The children of Levi and his wife, Lucinda, are Harry, Howard, John, Amos, Blair and George, and to Levi and his second wife was born one son, Ira.  The last four named reside in the Clinefelter community and Harry and John established their homes and reared their families on farms near Wesley Chapel.

Henry, son of Samuel and his wife, Sarah Jane, had one child, a daughter, Clara, who has been a teacher in the Nanty-Glo school for a number of years.  Robert Leidy's home was that now owned by the Metzger family and J.W. Helsel of Vinco recently purchased the Henry Leidy farm.  Scenes of the Henry Leidy homestead are perpetrated in photographs that were taken while the Leidys still lived there.  The photographs show various scenes of the farm and are of great pastoral beauty.  They have been enlarged and painted in natural colors and adorn the living room walls of the Leidy home on Foster Street in Nanty-Glo, and are considered priceless by the owners.

An early settler of the community adjoining Leidy's Lane was Leonard Boring.  He was a Civil War soldier, and was twice married the first time to Nancy Longnecker and the second time to Nancy Rodkey, mother of Elmer Rodkey who was well known in the Vinco community where he conducted a store for many years.  Andy Brown, a descendant of this first Boring, now resides with his family on the site of the old home.  Samuel Brallier was also an early settler here.  Frank and John Santa bought the Brallier farm.  Mrs. Stephen Gallo of the Summerhill road and Mrs. William Little of Lorain, Nanty-Glo, are daughters of Frank.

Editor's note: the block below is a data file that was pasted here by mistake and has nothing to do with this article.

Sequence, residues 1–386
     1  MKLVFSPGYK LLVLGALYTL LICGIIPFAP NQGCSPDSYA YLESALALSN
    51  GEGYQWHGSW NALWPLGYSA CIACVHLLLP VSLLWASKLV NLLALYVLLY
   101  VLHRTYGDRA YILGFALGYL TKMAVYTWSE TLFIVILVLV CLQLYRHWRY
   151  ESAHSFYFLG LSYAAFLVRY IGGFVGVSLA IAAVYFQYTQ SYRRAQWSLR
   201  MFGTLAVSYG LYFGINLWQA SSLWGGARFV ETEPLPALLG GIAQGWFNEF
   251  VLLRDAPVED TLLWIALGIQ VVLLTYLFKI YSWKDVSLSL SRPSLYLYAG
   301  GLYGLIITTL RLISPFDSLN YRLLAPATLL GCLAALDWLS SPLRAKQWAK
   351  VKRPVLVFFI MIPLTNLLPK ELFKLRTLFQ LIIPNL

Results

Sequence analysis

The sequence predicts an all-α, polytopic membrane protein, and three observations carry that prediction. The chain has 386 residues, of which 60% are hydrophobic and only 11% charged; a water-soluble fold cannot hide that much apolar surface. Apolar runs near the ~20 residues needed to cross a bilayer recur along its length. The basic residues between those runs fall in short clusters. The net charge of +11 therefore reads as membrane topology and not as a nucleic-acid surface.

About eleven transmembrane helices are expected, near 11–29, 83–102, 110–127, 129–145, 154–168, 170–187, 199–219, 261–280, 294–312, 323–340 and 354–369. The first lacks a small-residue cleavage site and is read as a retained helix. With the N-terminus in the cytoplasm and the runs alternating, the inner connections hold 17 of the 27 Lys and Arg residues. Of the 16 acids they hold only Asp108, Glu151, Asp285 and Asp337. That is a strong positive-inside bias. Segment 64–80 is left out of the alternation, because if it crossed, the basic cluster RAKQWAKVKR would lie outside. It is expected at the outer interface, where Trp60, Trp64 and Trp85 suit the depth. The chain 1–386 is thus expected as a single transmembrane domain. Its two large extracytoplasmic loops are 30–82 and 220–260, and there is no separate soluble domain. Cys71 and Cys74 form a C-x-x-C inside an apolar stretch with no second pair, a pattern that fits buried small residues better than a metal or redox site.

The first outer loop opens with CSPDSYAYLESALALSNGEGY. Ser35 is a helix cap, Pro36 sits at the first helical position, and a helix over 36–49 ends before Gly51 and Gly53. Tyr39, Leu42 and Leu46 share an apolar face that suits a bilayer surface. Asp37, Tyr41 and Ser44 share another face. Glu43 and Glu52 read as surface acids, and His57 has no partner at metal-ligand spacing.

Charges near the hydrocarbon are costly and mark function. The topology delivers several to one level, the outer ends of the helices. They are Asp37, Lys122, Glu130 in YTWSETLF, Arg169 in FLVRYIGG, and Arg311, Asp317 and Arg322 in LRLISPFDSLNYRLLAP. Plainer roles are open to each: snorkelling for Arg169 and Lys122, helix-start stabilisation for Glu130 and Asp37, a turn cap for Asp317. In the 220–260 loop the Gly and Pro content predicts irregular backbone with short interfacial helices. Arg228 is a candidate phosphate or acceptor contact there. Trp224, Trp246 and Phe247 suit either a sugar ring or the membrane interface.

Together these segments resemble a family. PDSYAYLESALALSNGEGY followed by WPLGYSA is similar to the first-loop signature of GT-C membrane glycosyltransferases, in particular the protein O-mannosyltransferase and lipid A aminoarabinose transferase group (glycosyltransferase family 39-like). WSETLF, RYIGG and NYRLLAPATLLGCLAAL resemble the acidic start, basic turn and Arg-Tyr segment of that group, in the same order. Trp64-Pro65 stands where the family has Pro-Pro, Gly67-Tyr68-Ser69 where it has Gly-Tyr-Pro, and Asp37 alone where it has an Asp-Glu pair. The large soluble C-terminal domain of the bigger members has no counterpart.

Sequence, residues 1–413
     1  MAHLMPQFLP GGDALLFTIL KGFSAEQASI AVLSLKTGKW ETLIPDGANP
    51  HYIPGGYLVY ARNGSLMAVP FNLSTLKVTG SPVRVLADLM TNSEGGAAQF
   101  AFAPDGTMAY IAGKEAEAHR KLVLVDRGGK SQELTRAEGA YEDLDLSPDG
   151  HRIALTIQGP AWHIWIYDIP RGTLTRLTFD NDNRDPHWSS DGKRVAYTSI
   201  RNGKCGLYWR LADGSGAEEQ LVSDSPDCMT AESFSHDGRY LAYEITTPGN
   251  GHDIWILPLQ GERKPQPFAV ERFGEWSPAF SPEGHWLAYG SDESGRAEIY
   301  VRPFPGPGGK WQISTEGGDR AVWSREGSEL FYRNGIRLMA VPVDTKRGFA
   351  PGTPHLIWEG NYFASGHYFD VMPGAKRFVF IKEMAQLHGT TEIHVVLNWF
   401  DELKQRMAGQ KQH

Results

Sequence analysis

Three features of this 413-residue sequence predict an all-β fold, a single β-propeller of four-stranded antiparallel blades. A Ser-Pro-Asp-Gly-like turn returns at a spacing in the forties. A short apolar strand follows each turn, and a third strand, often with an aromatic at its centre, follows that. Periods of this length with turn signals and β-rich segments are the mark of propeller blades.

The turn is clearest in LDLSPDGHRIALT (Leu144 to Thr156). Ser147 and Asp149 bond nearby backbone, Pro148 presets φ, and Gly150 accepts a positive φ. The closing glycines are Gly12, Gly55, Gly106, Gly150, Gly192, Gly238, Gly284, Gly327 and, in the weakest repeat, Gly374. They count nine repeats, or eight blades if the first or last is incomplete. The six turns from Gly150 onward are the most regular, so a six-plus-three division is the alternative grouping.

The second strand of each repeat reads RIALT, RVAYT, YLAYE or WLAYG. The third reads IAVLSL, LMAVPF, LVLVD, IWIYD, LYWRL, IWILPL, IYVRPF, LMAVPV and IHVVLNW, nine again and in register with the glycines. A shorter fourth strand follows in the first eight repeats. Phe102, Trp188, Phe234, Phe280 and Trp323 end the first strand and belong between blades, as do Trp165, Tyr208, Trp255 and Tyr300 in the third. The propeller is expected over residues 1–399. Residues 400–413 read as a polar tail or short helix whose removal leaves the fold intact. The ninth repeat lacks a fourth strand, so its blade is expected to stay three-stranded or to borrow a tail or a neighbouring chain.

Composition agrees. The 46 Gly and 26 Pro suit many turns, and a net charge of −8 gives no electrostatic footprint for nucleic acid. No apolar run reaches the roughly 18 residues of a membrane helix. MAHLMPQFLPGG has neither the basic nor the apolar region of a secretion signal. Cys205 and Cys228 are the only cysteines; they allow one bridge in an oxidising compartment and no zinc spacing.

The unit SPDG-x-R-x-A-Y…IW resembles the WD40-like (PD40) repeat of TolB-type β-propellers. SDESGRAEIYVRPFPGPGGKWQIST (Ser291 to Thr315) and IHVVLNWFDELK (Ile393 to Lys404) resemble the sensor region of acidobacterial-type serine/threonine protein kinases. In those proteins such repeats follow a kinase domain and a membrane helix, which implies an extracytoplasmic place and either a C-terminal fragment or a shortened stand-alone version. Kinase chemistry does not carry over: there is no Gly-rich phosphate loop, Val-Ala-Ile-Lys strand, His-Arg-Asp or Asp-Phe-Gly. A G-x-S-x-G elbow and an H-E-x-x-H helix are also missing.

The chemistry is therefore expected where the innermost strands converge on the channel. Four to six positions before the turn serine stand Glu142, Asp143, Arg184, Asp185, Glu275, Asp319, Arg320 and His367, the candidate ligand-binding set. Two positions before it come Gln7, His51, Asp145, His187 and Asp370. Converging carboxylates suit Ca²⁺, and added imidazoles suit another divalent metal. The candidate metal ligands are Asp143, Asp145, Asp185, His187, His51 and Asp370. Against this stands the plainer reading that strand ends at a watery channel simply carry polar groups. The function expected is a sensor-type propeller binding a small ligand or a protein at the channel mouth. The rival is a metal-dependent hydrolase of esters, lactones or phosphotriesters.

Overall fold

Joseph Cobaugh and his wife resided on what is still known as the old Seth place.  The death of Mrs. Cobaugh, while very tragic, was thought to have saved the lives of many others.  Mrs. Cobaugh, while gathering eggs in the haymow at her farm home, fell to the floor beneath and her neck was broken.  Following the funeral, a public sale of the household goods was held which was attended by farmers and their families for miles around, who otherwise (it being market day for them), would have gone to Johnstown with their produce, as they were in the habit of doing. Had they gone to Johnstown they would, no doubt, have been caught in the great flood that swept the valley, killing thousands of people, for the day of the sale was also the day of the tragic happening, May 31,1889.